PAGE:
Thank you for the words of encouragement, I turned on some tunes today, and am slowly re-introducing Spanish...
jee'smom's Avatar jee'smom 05:03 AM 01-13-2009

hugs mama! good luck!
Arduinna's Avatar Arduinna 07:22 AM 01-13-2009
ITA start today. DH was born and raised in the US and his first language was English but he became fluent in Spanish from a combo of his parents using the language to try and talk to each other without him understanding and from his cousins that didn't speak English when they moved to the States from Mexico. I think he was about 5 at the time and he is still fluent today.
Shianne's Avatar Shianne 04:13 PM 01-15-2009
I usually lurk in here, but just wanted to say...
My mother stopped speaking Japanese because she thought the only way she could learn English was to speak English only. So my brother and I were never taught Japanese with the exception of a few words.
I started learning Japanese a few years ago and it is hard because my mind is constantly having to translate.
I wish she would have started us early then it would come naturally.
So now I try to teach my children. They grew up knowing the Japanese culture, but it was kind of hit and miss with us too. They do appreciate the culture and the language. My 19 year old knows more Japanese than I do.
It isn't too late to start. She is not to old to learn. She is at the age where she will soak it up.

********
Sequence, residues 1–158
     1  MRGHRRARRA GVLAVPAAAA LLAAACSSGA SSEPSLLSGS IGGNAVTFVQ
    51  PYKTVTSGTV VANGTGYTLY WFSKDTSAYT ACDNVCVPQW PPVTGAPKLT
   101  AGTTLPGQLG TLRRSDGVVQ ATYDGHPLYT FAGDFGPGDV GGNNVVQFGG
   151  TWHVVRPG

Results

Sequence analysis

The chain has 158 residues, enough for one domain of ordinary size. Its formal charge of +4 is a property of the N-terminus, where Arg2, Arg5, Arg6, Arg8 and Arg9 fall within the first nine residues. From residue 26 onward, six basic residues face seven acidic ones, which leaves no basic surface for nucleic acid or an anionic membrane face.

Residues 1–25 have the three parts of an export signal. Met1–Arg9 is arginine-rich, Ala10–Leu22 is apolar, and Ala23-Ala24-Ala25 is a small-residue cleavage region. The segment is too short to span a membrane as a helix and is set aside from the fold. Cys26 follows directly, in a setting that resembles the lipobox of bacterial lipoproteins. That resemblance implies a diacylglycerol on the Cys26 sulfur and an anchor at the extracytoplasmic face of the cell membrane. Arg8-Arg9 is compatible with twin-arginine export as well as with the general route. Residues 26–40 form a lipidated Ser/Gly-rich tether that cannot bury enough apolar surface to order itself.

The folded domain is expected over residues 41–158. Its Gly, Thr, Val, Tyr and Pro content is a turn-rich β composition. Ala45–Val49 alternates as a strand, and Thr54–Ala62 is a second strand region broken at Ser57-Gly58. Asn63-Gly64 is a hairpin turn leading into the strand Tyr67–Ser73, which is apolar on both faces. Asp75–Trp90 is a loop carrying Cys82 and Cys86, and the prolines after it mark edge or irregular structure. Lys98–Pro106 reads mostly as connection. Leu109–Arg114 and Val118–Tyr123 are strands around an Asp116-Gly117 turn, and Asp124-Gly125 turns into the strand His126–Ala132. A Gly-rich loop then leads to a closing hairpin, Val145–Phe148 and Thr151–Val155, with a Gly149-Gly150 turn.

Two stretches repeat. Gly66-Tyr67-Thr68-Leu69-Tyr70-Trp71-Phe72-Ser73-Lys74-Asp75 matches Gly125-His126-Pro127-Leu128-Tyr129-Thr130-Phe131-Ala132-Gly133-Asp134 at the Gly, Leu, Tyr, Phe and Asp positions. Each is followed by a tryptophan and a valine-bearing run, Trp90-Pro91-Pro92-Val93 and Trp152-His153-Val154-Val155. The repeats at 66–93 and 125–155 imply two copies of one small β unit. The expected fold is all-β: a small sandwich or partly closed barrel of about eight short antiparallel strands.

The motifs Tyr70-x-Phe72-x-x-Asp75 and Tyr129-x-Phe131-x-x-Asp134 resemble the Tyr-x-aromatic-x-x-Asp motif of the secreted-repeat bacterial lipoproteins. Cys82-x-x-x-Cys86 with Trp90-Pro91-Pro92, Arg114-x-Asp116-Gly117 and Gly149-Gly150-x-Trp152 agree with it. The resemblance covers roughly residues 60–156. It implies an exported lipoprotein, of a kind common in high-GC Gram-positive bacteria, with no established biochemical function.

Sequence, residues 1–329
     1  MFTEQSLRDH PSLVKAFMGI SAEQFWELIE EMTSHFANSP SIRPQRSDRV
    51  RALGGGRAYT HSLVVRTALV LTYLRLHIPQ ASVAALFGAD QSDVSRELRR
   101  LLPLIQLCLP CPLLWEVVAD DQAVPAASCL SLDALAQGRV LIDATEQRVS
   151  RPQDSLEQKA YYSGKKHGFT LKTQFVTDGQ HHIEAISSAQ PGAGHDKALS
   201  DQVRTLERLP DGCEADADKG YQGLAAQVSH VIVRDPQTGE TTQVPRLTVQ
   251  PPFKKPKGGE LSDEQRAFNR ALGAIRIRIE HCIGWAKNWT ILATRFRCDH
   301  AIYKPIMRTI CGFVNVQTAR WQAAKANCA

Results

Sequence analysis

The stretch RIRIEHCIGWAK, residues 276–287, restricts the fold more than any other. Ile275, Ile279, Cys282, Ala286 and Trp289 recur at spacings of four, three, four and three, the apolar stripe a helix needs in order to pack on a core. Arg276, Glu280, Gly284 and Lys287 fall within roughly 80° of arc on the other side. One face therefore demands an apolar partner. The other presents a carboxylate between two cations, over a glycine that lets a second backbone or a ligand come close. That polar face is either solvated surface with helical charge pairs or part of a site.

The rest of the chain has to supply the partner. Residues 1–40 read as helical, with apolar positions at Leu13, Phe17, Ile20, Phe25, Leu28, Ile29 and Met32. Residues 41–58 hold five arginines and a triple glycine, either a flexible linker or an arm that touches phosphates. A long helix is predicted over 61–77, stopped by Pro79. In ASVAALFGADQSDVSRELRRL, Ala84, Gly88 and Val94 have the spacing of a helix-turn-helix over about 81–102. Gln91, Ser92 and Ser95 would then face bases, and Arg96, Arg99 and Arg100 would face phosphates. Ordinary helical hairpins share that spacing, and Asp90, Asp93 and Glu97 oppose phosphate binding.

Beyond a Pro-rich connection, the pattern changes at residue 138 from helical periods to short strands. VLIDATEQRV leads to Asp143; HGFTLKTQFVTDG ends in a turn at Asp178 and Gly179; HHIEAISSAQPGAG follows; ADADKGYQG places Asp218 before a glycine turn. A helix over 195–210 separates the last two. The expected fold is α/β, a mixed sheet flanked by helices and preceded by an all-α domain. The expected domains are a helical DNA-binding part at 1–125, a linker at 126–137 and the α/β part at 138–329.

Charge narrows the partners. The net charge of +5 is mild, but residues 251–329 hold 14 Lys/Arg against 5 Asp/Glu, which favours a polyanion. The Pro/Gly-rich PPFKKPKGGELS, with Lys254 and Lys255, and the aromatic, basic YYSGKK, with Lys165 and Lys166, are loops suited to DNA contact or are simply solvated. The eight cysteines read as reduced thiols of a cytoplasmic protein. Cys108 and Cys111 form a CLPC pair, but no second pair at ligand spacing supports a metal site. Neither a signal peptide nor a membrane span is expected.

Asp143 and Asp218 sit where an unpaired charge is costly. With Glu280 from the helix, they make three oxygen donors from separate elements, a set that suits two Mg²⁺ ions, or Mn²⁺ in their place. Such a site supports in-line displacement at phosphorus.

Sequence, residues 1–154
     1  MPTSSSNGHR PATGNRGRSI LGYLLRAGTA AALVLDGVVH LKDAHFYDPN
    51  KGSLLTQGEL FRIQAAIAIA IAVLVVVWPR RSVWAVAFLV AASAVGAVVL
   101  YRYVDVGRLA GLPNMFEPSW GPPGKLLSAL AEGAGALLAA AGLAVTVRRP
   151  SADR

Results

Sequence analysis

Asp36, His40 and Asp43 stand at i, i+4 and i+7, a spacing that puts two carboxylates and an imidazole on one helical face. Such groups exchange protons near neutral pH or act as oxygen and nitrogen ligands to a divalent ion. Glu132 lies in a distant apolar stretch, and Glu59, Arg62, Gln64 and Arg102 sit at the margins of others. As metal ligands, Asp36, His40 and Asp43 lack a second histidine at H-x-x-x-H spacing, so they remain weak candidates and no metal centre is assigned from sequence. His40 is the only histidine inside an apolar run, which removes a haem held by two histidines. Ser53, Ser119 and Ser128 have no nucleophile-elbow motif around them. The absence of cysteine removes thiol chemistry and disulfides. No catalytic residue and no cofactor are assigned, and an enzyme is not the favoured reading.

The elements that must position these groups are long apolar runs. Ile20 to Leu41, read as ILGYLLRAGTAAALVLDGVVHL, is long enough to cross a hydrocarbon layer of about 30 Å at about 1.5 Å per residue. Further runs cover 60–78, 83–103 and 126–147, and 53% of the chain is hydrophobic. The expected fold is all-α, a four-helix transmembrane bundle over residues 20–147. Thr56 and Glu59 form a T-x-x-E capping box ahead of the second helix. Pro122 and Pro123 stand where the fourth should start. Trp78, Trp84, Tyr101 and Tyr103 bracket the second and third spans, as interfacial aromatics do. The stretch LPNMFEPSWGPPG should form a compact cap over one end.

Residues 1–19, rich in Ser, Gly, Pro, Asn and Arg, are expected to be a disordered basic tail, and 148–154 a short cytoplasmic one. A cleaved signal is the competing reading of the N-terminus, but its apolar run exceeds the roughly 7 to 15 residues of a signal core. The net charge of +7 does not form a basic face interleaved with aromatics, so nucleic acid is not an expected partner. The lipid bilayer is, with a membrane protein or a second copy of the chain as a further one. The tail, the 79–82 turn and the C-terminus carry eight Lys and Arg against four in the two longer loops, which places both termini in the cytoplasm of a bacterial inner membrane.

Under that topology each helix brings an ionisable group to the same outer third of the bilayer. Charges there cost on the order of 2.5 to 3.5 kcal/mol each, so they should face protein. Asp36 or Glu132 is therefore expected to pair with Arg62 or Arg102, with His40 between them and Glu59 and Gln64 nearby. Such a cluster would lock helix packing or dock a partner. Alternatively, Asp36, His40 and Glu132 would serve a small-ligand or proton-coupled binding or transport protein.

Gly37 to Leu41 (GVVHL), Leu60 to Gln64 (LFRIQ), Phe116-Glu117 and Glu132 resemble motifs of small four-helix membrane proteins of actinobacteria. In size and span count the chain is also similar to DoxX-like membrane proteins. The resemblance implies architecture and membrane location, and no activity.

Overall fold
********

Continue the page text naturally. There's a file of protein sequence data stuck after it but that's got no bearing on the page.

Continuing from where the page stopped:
Can you speak only Spanish to her and let your dh speak only English to her?
Daffodil103's Avatar Daffodil103 12:42 AM 02-04-2009
I don't have a multicultural family but can so relate to missing my culture. I was born and raised in Southern Africa. I've been in Canada for 7 years. Even though we lead a relatively OK middle class lifestyle, I yearn for my own country. I miss the language. I miss the wicked sense of humor. Most of our humor is very, very subtle. Lots of deadpan. When I first moved here people took my words at face value. So I was constantly saying "I'm just kidding". Now I've just learnt to use plainer language which I find boring. I miss being bilingual & picking just the right phrase to convey a particular sentiment. I found too there was more diversity in my life. I had family and friends in all kinds of "social circles" from the ghetto, rural area, upscale city neighborhoods and everything in between. I had "access" to almost any social group. I could choose to participate, observe or just soak it all up. I miss that. (Now I understand why people protest funding cuts to cultural programs.)

I regret not making an effort to teach DD#2 my language. I was too lazy. She's 7 but show the most interest about our country. She loves the music! When we went home in '07 she genuinely didn't want to come back. Hopefully we can go back this summer.

Thanks for letting me vent. I needed that. Especially in the Canadian winter. : (Canada does have it's positives but right now I miss my home)
elizaveta's Avatar elizaveta 07:22 AM 02-06-2009
It's not too late! Now how about the good ol' saying:

Better late than never!

Seriously though, at her age she can soak it up easily. My husband and I really slipped on Russian with our daughter and started trying to push it recently, it's so surprising how quickly she picks it up and she's three. It might help especially if you could find make play dates with other Spanish-speaking families as well, especially if their child/children speak Spanish, it's an incentive for her to learn without you feeling pushy about it, which you probably will feel like eventually, especially if she is talking quite a bit in English already.